Scientific Projection

Scientific Projection


Scientific Projection


It’s foolish to forecast a career on the basis of one pitch. That’s why we have scouts and analysts and other who get paid a ton of money to forecast a player’s career, and players get drafted and move up and down a major league team’s system on the basis of these forecasts and on his consistent performances. Certainly, a blogger’s stamp of approval based on one pitch is pointless.

But I’m going to do it anyway because screw it. It’s 2020. Allow me this pleasure.

David Peterson’s first ever major league start was perilous from the beginning. The first ever batter he faced hit a ball off the Green Monster. But in a fortuitous twist of fate, J.D. Davis did his best Mookie Wilson impression and threw out Jose Peraza by a mile and a half to start Peterson’s career. Peterson then cruised through the first two innings before running into trouble in the third.

The Mets had a 3-0 lead on an RBI double by Robinson Cano and a two run single by Amed Rosario in the second off Matt Hall, who himself was making his major league debut. So Peterson had some wiggle room as the Red Sox loaded the bases on him in the third with nobody out. Now he’s facing J.D. Martinez as the go ahead run and this was the first crunch time moment in Peterson’s career. Martinez, who hit 79 home runs the last two seasons combined, worked the count 3-2. Peterson, in his third inning of major league work, throws a nasty slider in the inner half and Martinez flails at it for the first out.

A f***ing 3-2 slider. To J.D. Martinez. With the bases loaded and nobody out.

Now granted, pitchers come up to the majors better prepared than ever before. Better training, better coaching, better diets, more information, etc. Add to that that pitchers aren’t afraid to throw all pitches in all counts, and maybe this isn’t the eye-opener I’m making it out to be. But it’s one thing to throw the pitch, it’s another to execute it. Peterson did both and it was a sight to behold. Does it mean he’s headed for stardom? Can’t tell you that. But what it means is that he is the Mets’ fifth starter until further notice.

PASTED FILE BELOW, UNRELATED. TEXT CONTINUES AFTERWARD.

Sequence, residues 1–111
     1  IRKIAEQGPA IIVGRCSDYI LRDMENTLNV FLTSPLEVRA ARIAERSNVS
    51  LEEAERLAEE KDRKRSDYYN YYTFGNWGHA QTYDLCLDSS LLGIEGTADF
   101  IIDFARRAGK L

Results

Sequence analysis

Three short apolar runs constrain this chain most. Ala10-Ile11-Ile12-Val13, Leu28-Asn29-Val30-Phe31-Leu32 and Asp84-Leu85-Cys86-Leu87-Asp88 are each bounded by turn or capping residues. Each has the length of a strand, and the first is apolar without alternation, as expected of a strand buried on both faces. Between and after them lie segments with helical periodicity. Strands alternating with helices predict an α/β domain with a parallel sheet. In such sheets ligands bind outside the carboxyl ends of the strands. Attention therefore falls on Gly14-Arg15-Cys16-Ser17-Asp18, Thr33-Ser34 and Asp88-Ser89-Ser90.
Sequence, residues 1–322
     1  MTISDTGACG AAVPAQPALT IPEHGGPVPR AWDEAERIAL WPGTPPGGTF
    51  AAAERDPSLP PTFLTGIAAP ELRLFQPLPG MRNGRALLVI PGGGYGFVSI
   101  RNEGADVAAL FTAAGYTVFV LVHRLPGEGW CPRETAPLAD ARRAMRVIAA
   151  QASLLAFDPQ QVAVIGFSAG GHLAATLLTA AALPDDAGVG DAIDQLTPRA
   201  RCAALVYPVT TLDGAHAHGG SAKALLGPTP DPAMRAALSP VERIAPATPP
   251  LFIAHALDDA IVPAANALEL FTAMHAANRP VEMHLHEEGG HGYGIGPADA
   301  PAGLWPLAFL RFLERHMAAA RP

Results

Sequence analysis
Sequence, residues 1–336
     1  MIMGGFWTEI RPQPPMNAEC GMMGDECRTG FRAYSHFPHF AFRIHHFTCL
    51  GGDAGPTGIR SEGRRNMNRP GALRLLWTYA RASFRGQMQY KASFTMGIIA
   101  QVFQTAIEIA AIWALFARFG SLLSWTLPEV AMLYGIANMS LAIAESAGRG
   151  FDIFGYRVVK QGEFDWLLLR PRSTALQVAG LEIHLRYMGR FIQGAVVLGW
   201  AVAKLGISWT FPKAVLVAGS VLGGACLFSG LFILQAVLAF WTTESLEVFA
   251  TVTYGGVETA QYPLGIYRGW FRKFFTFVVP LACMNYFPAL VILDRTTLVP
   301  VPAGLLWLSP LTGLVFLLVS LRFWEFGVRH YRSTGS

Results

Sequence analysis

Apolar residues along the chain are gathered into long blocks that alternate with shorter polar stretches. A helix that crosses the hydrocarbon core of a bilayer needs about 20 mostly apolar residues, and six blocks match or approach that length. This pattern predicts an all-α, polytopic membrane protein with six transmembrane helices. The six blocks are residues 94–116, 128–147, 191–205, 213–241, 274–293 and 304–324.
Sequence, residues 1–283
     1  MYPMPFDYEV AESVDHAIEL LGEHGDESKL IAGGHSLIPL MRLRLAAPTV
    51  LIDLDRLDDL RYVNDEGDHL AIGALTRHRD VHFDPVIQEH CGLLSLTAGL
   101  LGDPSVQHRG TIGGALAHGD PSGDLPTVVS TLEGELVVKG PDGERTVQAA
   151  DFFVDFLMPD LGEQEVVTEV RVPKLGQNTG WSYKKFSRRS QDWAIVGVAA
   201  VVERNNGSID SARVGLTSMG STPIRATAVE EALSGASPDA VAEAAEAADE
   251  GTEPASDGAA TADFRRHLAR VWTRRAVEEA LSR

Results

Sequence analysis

The Red Sox scored a run on the very next play as a weird double play ended the inning with a run scoring. I’m not going to bore you with the details because I’m still not sure what the hell happened, but suffice to say that it was the best outcome the Mets could have hoped for. Davis gave Peterson some more breathing room in the fifth with a two run dinger off the Pesky pole in the fifth, while Peterson made it through 5 and 2/3’s, giving up two runs while giving up 7 runs, striking out 3 and walking two. Those are phenomenal fifth starter numbers and if he can give the Mets anything close to that the rest of the season, the Mets will be fune.

Brandon Nimmo and Jeff McNeil drove home the remaining three runs with doubles to round out the snowman and take an 8-3 victory home and sweep the series against a Red Sox team whose hitters are grumbling about their pitchers, which I thought stopped happening in the 70’s, but okay Boston. Do you. As for the Mets, they welcome the Red Sox to beautiful downtown Flushing on Wednesday and Thursday with Jacob deGrom and Steven Matz waiting at home, and probably pissed that they didn’t get to make the trip to Boston to pick up some cannoli at Mike’s Pastries. So they’re angry. Watch out, Red Sox.

Today’s Hate List

  1. Roger Clemens

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